The film starts out well and has an entertaining first half, which includes Vazquez training Clay in the art of being a quick draw.

ABOVE – A big finish at the film’s end

ABOVE – A rousing ending

BELOW – The Film Premier in Oklahoma City on 25 March 1949

Back stage waiting to appear at the premiere of “El Paso” in Oklahoma City on March 26, 1949 are (L-R standing) Paramount exec Duke Clark, actor Paul Hogan (husband of Helen Forrest), Frank Faylen, Eduardo Noriega, theatre manager George Spelvin, co-producer Bill Thomas, songwriter Harry Revel. (L-R sitting) famous songtress Helen Forrest, Mr. and Mrs. Gabby Hayes, Mary Beth Hughes, John Payne.

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The Lone Ranger

The origin of Lone Ranger’s story begins with a group of Texas Rangers chasing down a gang of outlaws led by Butch Cavendish. The gang ambushs the Rangers, believing to have killed them all.

There is one survivor however, who is found by an American Indian named Tonto, and Tonto nurses him back to health.

So the bond between these two was established

As we all remember the Lone Ranger was played by Clayton Moore – well most of the time it was because he had a contractual dispute with the Producers and the role for two seasons went to John Hart.

Viewers though wanted Clayton Moore back, so he duly was re-instated.

Jay Silverheels who played Tonto had been around for quite a while in films but this proved to be his most famous role by far. The very first episode went out in September of 1949 and the series carried on successfully through to 1957 – and there were a couple of Lone Ranger film releases along the way, in the mid 50’s

He had been in many films since before the War – one of them was ‘The Sabre and the Arrow’ in 1948 in an uncredited role among many others.

Clayton Moore

He was born Jack Carlson Moore, the son of a real estate broker, in Chicago. He performed in a trapeze circus act for several years, after learning acrobatics, tumbling and swimming as a teenager at the Illinois Athletic Club. One of his instructors there was Johnny Weissmuller, the champion swimmer who later played Tarzan in the movies.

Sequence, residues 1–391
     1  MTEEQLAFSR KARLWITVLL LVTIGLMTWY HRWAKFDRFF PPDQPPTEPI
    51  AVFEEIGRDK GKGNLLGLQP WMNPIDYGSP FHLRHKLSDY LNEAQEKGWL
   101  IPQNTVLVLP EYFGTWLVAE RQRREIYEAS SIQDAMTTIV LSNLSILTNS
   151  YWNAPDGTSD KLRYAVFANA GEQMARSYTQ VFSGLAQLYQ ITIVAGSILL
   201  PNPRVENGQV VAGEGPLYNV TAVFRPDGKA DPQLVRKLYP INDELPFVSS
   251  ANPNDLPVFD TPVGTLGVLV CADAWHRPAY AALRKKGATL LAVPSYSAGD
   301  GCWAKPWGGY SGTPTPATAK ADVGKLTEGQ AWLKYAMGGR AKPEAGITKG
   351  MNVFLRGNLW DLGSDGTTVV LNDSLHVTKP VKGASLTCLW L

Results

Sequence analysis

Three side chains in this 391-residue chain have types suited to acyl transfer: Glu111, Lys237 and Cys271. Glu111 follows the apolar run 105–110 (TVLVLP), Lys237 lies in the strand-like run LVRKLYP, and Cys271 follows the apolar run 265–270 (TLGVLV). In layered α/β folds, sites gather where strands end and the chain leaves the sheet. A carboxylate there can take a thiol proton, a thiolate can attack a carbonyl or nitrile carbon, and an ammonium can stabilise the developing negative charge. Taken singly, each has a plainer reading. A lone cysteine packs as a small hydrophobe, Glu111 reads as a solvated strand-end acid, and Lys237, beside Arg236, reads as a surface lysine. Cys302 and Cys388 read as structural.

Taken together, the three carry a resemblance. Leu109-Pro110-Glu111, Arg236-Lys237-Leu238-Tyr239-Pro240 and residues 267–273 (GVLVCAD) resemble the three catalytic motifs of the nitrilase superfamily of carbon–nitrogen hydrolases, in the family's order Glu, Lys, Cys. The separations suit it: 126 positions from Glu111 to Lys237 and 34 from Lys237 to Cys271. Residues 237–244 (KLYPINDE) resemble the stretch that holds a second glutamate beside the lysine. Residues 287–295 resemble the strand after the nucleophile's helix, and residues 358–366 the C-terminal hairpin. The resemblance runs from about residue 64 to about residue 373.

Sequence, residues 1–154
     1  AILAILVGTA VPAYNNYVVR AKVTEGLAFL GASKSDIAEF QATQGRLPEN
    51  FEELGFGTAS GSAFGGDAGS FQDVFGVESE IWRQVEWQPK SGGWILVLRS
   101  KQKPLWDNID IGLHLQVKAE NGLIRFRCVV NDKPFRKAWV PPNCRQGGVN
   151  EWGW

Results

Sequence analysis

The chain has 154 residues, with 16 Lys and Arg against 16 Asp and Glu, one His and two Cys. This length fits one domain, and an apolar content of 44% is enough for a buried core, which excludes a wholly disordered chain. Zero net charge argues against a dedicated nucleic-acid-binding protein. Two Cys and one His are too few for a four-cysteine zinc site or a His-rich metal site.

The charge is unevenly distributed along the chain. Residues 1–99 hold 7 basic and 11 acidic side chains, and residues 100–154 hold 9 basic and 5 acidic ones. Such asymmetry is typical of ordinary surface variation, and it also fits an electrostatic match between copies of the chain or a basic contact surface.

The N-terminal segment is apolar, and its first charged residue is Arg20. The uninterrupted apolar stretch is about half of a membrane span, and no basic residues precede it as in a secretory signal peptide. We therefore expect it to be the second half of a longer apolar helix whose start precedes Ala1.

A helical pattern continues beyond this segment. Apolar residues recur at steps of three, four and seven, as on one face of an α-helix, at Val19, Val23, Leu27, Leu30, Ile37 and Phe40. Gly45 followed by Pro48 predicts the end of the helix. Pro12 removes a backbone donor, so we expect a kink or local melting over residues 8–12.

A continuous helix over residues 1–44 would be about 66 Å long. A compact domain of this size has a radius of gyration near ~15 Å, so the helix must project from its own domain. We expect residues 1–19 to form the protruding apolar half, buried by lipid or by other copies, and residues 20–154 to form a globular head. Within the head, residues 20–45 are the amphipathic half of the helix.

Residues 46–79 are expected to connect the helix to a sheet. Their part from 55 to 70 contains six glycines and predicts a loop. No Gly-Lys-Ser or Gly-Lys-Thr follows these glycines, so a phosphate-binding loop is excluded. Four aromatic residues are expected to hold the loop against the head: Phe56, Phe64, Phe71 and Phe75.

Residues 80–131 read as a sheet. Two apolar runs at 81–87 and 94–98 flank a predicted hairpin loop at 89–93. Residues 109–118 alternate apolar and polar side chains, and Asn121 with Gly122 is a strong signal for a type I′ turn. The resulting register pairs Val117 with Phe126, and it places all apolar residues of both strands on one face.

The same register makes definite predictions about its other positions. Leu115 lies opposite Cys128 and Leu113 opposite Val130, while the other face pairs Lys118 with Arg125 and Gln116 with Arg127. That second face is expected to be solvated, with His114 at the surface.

An injury ended Moore’s circus career, and so this handsome athlete later became a John Robert Powers model.

He first appeared in films in 1938, playing bit parts and performing stunts in serials including “Dick Tracy Returns” (1938) and “The Perils of Nyoka” (1942). Nicknamed the “King of the Serials” for all the cliffhanger episodes he helped churn out to encourage return visits to cinemas, Clayton Moore first donned a mask in the 1949 serial “The Ghost of Zorro.”

His acting career, like so many, was interrupted by World War II where he served three years in the Army Air Force

A fan of the Lone Ranger radio series since its inception in 1933, Clayton Moore beat out 75 actors to become television’s version of the classic hero. When producer George Trendle told him the good news, Moore said he replied: “Mr. Trendle, I am the Lone Ranger.”

I also came across this interview with Clayton Moor’s daughter which is fascinating:-

As TV’s Lone Ranger in the 1950s, Clayton Moore was a hero both on and off the screen.

“I still get letters from policemen, firemen, and teachers who say they chose a career in service because of him,” said daughter Dawn Moore from Los Angeles. “He not only acted out the Lone Ranger’s Creed on TV, but lived it.”

The Creed, written by Fran Striker in 1933 for the original Lone Ranger radio show, was an ethical guide that emphasized friendship, respect, truth, God, country and, remarkably for the period, stewardship for the planet.

Clayton Moore receives his "Star" on the Walk of Fame in 1987. Dawn is behind him in the picture.

Clayton Moore receives his “Star” on the Walk of Fame in 1987. His daughter Dawn is behind him in the picture.